The acquisition of β-lactamases in members of the Enterobacteriaceae family poses a challenge to antimicrobial susceptibility testing in the clinical laboratory. We correlated the distribution of the MICs for Klebsiella spp. and Escherichia coli with the presence of extended-spectrum β-lactamase (ESBL) and plasmid-mediated AmpC β-lactamase (pAmpC) genes. A total of 264 isolates were subjected to cefazolin, ceftriaxone, cefotaxime, ceftazidime, cefepime, and aztreonam agar dilution MIC determination; ESBL screening and confirmatory testing by the methods of the Clinical and Laboratory Standards Institute (CLSI); and for isolates for which the MICs of extended-spectrum cephalosporins were ≥1 μg/ml or the MICs of cefpodoxime were >4 μg/ml, PCR amplification and sequencing of the ESBL and pAmpC genes. PCR was positive for 73/81 isolates (45 isolates with an ESBL gene alone, 24 isolates with a pAmpC gene alone, with 4 isolates with both genes). Compared to PCR, confirmatory testing by the CLSI method yielded a sensitivity and a specificity of 98.0 and 96.3%, respectively; there were six false-positive results and one false-negative result. No distinction in the MIC distribution was apparent between isolates with the ESBL gene and isolates with the pAmpC gene. A substantial percentage of the isolates with PCR-confirmed ESBL and/or pAmpC genes fell within the current CLSI susceptible category. For a ceftazidime, ceftriaxone, or cefotaxime MIC of ≥2 μg/ml, a dichotomy existed between isolates with and without ESBL and pAmpC genes in most cases. This suggests that the presence of the ESBL and the pAmpC enzymes may yield similar MICs of extended-spectrum cephalosporins, many of which fall within the current nonresistant categories. Lowering of the current CLSI breakpoints for cephalosporins appears to be warranted.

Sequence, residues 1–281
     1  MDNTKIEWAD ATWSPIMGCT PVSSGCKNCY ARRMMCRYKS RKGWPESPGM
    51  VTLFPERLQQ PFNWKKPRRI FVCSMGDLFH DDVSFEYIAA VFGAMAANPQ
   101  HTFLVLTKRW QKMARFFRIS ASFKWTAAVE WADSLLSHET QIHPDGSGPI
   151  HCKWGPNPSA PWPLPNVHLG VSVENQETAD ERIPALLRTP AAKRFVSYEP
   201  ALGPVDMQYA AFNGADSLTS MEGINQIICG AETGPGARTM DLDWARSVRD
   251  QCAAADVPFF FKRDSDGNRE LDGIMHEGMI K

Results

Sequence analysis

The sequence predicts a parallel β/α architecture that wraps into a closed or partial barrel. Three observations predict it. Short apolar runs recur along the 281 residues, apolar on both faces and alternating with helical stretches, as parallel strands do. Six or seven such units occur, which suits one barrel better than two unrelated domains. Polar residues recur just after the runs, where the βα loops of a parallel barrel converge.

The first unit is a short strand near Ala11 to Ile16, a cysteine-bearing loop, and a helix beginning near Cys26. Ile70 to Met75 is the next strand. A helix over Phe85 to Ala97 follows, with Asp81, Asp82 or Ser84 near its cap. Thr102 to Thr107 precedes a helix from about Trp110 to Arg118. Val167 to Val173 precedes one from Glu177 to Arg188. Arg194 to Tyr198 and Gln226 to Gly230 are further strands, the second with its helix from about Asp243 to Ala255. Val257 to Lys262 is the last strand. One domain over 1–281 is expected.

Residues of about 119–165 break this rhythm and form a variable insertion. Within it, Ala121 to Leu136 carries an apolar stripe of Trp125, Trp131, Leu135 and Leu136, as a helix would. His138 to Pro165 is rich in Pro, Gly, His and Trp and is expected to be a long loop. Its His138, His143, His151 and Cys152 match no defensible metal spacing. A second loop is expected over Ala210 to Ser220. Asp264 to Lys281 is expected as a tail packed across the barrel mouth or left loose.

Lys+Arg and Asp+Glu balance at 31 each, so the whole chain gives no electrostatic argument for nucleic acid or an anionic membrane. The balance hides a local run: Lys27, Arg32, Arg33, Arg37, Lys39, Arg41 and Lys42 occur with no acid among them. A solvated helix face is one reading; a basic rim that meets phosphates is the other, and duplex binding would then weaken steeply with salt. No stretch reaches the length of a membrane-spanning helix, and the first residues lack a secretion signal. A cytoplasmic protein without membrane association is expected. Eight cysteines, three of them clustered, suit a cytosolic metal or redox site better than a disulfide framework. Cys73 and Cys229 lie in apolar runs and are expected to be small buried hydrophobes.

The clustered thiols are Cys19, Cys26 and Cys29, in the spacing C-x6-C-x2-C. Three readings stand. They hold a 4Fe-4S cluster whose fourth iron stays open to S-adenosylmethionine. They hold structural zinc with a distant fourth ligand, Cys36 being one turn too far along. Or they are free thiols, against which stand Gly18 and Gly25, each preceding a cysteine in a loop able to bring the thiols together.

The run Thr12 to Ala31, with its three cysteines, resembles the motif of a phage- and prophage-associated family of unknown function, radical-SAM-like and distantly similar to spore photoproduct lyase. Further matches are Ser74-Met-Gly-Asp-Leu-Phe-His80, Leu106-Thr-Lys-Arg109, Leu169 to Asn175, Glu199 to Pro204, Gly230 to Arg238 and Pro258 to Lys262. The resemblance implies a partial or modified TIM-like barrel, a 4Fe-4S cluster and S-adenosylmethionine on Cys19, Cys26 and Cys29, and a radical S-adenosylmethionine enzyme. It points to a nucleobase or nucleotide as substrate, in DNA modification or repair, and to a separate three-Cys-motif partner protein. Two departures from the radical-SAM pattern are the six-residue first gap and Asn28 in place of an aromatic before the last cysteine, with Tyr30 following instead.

ASJC Scopus subject areas
- Microbiology (medical)